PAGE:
Seeming as the OP isn't able to post links, i'll link it for him. I have to say

Turkey No Fly Zone | Deep Web Search - A How-To Site

Seems like the biggest crock of crap i've ever seen, all the values he's using of probabilities of things happening are his guesses, no info how he got to those numbers they just popped into existance and conveniently match up almost exactly to his original "gut instinct".
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Old October 17th, 2012   #5
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This is utter nonsense. GIGO. The input values are subjective impressions, or plucked from the air. Any output value derived from them is no better than a gut feeling.
Absolutely. This math is very susceptible to GIGO. But Bayesian stat is a valid method to convert the level of belief of an area expert into a number. I'm not claiming to be an area expert at all. Just trying to approximate a general idea of R, and identify my biggest errs.

Single analysts, be it commercial or military, are more at danger of GIGO without someone challenging the P(h) & P(nh) of the factors. Which is the case here. It is also the reason to solicit outside input.
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Old October 17th, 2012   #6
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I seem to recall Robert MacNamara was pretty good at using math and numbers to forecast and fight a war, too. How'd that work?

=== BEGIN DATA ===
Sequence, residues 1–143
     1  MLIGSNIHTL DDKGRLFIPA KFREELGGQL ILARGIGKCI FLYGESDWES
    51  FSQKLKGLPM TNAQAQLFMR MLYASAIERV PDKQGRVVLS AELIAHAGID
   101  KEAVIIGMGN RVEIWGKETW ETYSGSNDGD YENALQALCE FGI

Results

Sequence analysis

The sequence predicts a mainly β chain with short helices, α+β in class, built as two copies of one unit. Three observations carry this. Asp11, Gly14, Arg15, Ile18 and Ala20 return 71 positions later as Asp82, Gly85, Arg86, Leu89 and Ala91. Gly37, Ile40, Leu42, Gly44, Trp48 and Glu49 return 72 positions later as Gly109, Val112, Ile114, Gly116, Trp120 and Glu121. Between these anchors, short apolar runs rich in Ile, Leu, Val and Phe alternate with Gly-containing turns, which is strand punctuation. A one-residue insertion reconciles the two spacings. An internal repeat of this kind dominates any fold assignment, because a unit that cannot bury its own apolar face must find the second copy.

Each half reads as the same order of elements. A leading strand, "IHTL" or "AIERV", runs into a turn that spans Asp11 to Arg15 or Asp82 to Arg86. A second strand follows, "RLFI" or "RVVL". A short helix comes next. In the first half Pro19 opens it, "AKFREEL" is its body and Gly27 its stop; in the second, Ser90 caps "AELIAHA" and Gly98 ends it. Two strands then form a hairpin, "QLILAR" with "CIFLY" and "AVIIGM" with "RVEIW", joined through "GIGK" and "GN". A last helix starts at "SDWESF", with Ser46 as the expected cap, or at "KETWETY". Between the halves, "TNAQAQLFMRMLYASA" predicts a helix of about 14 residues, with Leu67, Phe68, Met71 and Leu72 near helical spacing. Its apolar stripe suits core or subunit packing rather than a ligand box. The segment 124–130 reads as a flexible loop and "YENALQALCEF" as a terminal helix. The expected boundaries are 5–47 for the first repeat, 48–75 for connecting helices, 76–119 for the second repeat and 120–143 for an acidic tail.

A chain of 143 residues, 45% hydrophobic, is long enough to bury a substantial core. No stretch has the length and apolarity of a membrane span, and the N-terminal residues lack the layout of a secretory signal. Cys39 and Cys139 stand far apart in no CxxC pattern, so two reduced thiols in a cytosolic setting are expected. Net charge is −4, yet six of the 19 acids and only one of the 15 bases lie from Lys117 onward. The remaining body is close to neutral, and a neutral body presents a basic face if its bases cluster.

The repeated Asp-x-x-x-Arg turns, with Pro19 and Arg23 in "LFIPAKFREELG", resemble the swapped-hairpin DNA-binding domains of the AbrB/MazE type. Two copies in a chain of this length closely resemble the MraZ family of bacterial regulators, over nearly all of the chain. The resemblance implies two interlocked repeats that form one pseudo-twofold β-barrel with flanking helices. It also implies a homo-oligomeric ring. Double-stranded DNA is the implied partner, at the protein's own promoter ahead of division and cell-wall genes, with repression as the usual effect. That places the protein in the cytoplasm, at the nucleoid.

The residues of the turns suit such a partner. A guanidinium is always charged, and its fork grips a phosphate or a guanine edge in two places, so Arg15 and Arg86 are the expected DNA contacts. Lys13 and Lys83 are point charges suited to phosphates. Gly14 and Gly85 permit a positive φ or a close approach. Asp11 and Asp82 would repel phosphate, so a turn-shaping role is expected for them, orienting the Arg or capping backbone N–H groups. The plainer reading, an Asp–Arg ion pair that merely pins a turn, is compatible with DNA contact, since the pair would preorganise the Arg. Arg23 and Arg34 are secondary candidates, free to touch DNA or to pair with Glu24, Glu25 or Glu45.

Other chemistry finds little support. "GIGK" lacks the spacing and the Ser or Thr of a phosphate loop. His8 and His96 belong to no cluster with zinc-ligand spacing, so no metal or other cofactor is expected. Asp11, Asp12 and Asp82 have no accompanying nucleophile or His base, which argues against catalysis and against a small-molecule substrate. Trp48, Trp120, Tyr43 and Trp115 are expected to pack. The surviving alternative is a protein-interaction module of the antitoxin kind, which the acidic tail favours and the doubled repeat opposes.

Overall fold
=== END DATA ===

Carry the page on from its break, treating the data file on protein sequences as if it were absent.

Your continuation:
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Old October 18th, 2012   #7
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Originally Posted by Deep_Web_Guy View Post
Absolutely. This math is very susceptible to GIGO. But Bayesian stat is a valid method to convert the level of belief of an area expert into a number. I'm not claiming to be an area expert at all. Just trying to approximate a general idea of R, and identify my biggest errs.

Single analysts, be it commercial or military, are more at danger of GIGO without someone challenging the P(h) & P(nh) of the factors. Which is the case here. It is also the reason to solicit outside input.
OK, but the problem here is that you're not going to get those numbers precise enough to be useful without information that nobody who's going to respond to you on the internet will give you.

The best information which anyone has, when put into your formulae, will have enormous margins of error, & the people who have the best information won't reveal it, or they'd go to prison, at best.

You're doing the equivalent of adding two numbers both of which are between 0 & 100 - and that's all you know about them. The answer is meaningless.

If you find the mathematical analysis interesting, & are good at it, then I suggest that you apply your interest & abilities more productively. There are many problems which you could analyse where the results could be of value, or at least interest. Economic historians, for example, are always looking for ways to squeeze more information out of data. But to get information, you have to have data! The three most important things you need for your analyses to be worthwhile are data, data & data - and that's what you lack.